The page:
Read Your Work Out Loud
This is something I was often advised to do as a student, but it was a piece of advice I regretfully never took. But doesn’t this age-old imperative make eminent sense? When we read silently, our reading is often anticipatory, hasty, incomplete. This is especially true when we read something whose subject matter and forms of expression are familiar to us—and whose writing could be more familiar to us than our own? To read something out loud is to adopt a different frame of reference, to make the familiar unfamiliar, to relate to the material in a different, more active way than silent reading allows. Missing words; unnecessary repetition; misplaced modifiers; subject-verb disagreement; overlong, convoluted sentences; ambiguous pronouns; the same grammatical structures or signal phrases repeated ad nauseam—some infelicities are difficult to see on the page but often sound wrong (or at least not quite right) when they are read aloud.
Take some time to read your writing out loud. Read it slowly, deliberately. Read every single word. Read it more than once. This may help you identify, in addition to the issues mentioned above, weak spots in your organization or argumentation, instances of redundancy, non sequiturs, missing transitions, and any number of things that might have gone unnoticed as you read silently. You might even ask someone else to read it out loud while you listen. (Better yet: ask someone who isn’t familiar with the subject matter.) Listen not just to what they read but also to how they read it. Do they read assuredly, or are there points where they stumble or hesitate? Does the tone of their voice change as they read, becoming variously more or less animated? Perhaps you’ll find an opportunity to simplify a complex point or to recast the delivery of an argument in a way that maintains the interest of your reader.
Learn to Recognize Common Pitfalls
We all have different ways of putting our ideas into writing, individual modes of expression that make our work recognizably our own. This means that every writer will have to contend with a unique set of issues and challenges as they edit their own writing. And yet many writers (even very good ones) experience many of the same pitfalls. The next time you edit your own writing, see if you spot any of the following:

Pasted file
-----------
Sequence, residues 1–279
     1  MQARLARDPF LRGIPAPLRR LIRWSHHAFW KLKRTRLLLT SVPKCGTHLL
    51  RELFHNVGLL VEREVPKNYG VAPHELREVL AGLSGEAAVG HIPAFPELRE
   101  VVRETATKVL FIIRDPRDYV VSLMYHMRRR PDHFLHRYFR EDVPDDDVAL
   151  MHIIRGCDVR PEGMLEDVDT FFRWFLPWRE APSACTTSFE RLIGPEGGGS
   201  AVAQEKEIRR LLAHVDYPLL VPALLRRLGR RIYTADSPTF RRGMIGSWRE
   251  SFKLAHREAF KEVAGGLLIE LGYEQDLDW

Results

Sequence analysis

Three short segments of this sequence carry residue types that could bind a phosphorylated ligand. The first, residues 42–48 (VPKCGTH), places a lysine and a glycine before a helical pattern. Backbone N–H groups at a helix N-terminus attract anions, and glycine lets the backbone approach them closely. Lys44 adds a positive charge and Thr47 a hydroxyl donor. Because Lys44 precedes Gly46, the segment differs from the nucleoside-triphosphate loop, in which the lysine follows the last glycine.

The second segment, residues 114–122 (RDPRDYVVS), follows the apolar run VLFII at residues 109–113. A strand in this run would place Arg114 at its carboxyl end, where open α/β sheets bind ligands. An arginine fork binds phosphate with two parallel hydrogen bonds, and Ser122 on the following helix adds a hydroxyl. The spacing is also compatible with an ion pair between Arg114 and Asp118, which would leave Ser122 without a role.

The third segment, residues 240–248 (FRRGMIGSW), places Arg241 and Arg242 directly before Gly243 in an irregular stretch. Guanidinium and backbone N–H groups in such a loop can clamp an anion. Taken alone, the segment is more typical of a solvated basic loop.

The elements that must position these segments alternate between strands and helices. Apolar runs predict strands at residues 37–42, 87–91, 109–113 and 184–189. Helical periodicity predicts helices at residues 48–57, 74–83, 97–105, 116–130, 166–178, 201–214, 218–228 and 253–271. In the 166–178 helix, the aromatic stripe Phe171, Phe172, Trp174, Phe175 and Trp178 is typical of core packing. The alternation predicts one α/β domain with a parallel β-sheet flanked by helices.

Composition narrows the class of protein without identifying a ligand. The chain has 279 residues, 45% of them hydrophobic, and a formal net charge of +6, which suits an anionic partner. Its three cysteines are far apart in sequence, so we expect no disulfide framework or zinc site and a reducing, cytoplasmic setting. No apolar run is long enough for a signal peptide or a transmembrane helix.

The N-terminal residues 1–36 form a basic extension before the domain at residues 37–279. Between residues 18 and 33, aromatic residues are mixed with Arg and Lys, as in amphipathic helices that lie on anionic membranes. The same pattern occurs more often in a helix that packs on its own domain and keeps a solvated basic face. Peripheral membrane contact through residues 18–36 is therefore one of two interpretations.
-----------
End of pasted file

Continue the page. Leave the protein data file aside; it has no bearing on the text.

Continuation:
- overhedging (It seems to me that the author may be arguing . . . ; I would like to suggest . . .)
- excessive signposting (As mentioned above . . . ; After that I discuss . . . ; I begin by . . . )
- misplaced modifiers (I was asked how long I had been absent by my teacher.)
- using quotation marks when nothing is being quoted
- ambiguous pronouns (Jessica was supposed to meet Priya after work, but she had to cancel.)
- dangling modifiers (After reading the book, its ending remains unclear.)
Even if these particular issues don’t often surface in your own writing, rest assured: the more you edit your writing, the better you’ll get at recognizing your own idiosyncrasies—whatever they are. Perhaps you’ll come to the realization that your paragraphs tend to be quite long and drawn-out, that your transitions could use some work, that your concluding remarks frequently seem a bit too extemporaneous, or that you rely too heavily on the same words or phrases. Whatever you discover, your writing will be better for having discovered it.
The advice offered here is not meant as a definitive set of guidelines that I expect all writers will find useful in equal measure. Perhaps this advice is only a starting point. At the very least I hope it provides food for thought. As I sit here, pondering how I might conclude this post, I already feel the looming presence of the editorial task that awaits me. This time I think I’ll take my own advice. You can tell me how I did.
MLA Handbook. 9th ed., Modern Language Association of America, 2021. MLA Handbook Plus, 2021, mlahandbookplus.org/.